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Two tossed from rowdy town hall in Mandan

Two tossed from rowdy town hall in Mandan


Two people were removed, but not arrested, from a rowdy town hall meeting held by Rep. Kevin Cramer, R-N.D., Thursday afternoon in Mandan. Afterward, the congressman admitted it was the first time a constituent had laid hands on him and lightly pushed him during a policy debate in public.

Cramer faced a crowd of about 80 people at the Mandan Eagles Club, with a majority of attendees jeering him during a question-and-answer session primarily focused on health care reform and his vote on the American Health Care Act.

Hazen resident Mike Quinn rose on multiple occasions and approached Cramer, accusing him and others who voted for health care reform as undermining current health care law and negatively impacting millions of people, including some in the room.

Prior to his shouting at Cramer, an area woman had given a tearful testimonial about her young child whose serious medical conditions has racked up significant medical expenses and debt.

At one point while walking toward Cramer shouting questions, Quinn was grabbed by the throat by a Cramer supporter in the crowd, who was quickly tossed from the gathering.

Shortly thereafter, Quinn’s final outburst led to his ejection. After taking dollar bills out of his wallet, he attempted to shove them into Cramer’s suit pocket, lighting pushing him in the process while saying his money could go toward the medical expenses of the woman’s child.

A Mandan police officer said no one was arrested.

“I don’t mind confrontation,” Cramer told reporters after the 90-minute event in Mandan, which was followed town hall at the Bismarck Eagles Club at 5 p.m. and attended by at least 80 people. “My concern was he was dominating, and no one else could participate.”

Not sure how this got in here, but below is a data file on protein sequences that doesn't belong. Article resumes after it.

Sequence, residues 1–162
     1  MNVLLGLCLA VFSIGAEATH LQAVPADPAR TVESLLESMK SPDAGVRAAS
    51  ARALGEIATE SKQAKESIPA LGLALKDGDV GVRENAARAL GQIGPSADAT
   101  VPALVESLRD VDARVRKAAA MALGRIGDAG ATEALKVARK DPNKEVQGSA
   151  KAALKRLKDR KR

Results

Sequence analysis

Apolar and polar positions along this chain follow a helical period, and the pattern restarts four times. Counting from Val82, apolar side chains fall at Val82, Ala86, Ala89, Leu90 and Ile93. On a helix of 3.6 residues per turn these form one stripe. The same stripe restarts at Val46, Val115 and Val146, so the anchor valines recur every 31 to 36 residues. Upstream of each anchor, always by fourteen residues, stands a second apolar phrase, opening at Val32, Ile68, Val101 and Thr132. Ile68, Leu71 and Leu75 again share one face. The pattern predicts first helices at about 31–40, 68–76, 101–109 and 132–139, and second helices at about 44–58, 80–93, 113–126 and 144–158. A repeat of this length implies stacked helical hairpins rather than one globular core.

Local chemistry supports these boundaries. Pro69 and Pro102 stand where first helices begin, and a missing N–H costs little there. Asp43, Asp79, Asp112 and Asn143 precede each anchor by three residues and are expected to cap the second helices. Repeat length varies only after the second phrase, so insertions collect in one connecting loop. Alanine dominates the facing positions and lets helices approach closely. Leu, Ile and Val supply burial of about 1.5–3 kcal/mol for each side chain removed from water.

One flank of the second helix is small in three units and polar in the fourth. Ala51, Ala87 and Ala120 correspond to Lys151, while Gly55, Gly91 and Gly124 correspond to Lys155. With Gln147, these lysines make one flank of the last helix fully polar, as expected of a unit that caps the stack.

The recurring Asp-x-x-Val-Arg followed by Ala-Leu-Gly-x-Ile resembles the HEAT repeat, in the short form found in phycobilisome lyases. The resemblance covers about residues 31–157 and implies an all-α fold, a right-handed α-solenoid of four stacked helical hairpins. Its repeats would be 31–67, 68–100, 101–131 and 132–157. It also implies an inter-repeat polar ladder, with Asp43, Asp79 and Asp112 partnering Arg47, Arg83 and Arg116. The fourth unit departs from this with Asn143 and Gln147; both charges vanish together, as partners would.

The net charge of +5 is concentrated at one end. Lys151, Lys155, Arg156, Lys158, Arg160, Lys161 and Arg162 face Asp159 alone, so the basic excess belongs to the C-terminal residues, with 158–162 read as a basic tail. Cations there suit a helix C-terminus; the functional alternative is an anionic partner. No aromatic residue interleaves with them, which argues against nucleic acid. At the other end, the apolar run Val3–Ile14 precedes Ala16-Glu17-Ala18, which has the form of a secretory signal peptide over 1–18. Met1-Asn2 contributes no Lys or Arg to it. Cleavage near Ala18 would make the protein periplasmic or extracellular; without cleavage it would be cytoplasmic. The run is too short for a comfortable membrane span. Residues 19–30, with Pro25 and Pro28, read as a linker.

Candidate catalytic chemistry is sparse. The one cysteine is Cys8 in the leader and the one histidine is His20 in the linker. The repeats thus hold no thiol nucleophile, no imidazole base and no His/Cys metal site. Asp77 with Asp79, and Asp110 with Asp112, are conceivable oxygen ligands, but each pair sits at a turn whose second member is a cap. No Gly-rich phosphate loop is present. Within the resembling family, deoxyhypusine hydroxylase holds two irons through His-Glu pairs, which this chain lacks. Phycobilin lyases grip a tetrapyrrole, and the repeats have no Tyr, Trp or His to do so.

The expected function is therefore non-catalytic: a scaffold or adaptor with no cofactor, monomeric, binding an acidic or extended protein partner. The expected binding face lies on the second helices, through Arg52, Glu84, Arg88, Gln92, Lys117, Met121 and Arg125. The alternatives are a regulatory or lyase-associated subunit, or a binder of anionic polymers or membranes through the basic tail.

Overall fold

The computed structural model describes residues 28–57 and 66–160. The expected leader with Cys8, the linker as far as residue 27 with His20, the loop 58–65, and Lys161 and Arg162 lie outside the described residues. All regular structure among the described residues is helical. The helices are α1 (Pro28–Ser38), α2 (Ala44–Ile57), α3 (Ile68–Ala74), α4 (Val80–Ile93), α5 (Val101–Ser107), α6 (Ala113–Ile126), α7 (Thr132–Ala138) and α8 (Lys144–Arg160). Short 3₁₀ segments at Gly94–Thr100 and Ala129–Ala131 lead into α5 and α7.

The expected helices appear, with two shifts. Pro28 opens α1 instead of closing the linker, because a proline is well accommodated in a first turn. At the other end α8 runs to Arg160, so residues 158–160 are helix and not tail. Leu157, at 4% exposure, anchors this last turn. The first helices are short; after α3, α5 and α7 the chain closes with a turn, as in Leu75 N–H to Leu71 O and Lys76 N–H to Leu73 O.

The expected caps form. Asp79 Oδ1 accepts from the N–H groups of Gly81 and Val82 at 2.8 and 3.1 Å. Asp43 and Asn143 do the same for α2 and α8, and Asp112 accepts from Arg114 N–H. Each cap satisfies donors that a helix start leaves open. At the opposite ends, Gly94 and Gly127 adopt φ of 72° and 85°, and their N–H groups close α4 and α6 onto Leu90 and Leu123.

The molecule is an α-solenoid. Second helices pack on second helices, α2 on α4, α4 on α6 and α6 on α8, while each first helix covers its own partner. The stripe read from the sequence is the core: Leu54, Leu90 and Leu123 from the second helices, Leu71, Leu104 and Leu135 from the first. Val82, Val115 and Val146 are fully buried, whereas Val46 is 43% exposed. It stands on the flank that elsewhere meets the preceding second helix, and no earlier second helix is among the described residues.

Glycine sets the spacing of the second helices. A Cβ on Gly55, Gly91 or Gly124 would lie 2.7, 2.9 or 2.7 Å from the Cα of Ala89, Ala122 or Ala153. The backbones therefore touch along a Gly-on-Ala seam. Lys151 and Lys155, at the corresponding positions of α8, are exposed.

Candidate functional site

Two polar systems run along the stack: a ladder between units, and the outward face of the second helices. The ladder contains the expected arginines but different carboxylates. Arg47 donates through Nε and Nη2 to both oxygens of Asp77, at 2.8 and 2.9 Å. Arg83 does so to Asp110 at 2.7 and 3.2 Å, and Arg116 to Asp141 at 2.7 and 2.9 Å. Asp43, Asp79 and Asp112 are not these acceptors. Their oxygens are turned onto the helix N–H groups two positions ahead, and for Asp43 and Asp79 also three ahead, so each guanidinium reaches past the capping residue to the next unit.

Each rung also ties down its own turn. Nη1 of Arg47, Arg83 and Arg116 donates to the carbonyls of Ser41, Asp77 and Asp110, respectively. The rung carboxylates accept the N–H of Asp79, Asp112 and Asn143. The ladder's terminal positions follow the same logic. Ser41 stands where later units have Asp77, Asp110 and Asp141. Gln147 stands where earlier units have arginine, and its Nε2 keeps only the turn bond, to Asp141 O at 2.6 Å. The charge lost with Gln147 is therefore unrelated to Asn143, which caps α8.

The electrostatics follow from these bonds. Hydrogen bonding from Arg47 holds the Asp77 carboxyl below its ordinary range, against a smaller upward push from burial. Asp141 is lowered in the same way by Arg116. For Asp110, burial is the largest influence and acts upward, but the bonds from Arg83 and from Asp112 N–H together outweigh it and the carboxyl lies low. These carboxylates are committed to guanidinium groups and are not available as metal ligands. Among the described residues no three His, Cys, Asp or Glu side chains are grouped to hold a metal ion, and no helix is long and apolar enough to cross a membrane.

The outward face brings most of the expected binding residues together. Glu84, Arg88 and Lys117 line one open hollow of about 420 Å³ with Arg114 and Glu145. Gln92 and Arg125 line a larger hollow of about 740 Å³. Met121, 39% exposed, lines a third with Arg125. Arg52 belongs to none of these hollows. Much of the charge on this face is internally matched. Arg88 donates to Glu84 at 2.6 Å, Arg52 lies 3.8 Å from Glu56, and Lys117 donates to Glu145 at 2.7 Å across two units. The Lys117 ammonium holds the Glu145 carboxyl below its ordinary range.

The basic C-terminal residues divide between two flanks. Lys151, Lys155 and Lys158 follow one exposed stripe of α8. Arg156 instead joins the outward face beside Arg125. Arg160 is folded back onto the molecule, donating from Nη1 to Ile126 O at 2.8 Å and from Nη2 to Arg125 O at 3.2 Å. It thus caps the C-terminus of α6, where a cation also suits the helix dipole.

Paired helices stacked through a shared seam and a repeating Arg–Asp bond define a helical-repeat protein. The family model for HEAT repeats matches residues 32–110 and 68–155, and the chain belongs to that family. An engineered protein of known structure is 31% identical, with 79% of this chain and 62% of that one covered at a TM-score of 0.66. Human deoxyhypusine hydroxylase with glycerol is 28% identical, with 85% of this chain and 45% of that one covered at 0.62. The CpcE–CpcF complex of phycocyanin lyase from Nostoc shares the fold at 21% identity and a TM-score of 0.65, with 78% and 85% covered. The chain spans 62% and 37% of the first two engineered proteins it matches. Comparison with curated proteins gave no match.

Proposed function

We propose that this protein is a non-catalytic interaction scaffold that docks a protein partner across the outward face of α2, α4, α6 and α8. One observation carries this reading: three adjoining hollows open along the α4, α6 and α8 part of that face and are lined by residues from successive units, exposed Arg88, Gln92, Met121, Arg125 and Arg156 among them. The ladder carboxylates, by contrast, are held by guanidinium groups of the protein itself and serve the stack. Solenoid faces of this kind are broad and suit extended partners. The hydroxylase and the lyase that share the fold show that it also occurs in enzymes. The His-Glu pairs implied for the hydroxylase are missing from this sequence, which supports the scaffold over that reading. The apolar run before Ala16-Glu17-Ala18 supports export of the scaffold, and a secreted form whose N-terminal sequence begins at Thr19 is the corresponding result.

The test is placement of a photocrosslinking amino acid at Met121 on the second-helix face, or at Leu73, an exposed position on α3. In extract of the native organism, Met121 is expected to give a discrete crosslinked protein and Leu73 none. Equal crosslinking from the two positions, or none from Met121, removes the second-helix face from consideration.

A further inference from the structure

The Mandan town hall was among the most rowdy crowds he has experienced during his time in office, according to Cramer, who said the incident has caused him to think a bit more about security, though he hopes there’s never a need to curtail the access he has enjoyed with constituents.

A number of attendees questioned his vote on the AHCA, which passed the House 217-213 earlier this month. The Senate is expected to craft a vastly different version of the bill in the months ahead.

Among the provisions in the AHCA is replacing the subsidies to help purchase individual plans on marketplaces with tax credits. A series of taxes passed in the Patient Protection and Affordable Care Act, also referred to as Obamacare, also would be eliminated, along with allowing insurers to charge people with pre-existing conditions more for insurance.

These and other provisions of the bill prompted numerous jeers and questions from those in attendance.

Quinn said, in a phone interview following the event, his actions were prompted by what he thought were efforts by Cramer to dodge harsh questioning.

“It was spur of the moment. I was just so mad. I just kept getting angrier and angrier,” said Quinn, insisting that his actions weren’t pre-planned or on behalf of any organization.

He pointed to the Congressional Budget Office estimate that the House health care plan would cut about $880 billion over 10 years in Medicaid spending.

The overall Republican bill is a large tax giveaway to the wealthy, according to Quinn, who characterized the bill as unfair to people such as the woman who’d spoken about her child and millions of other nationwide.

“They’re going to take health care away from them,” said Quinn, adding, if there were more taxes on wealthier people, sufficient coverage could easily be afforded to all in need.

Attendees also questioned Cramer’s support for President Donald Trump, with several people accusing the president of being dishonest and unethical in his conduct in office.

(Reach Nick Smith at 701-250-8255 or 701-223-8482 or at


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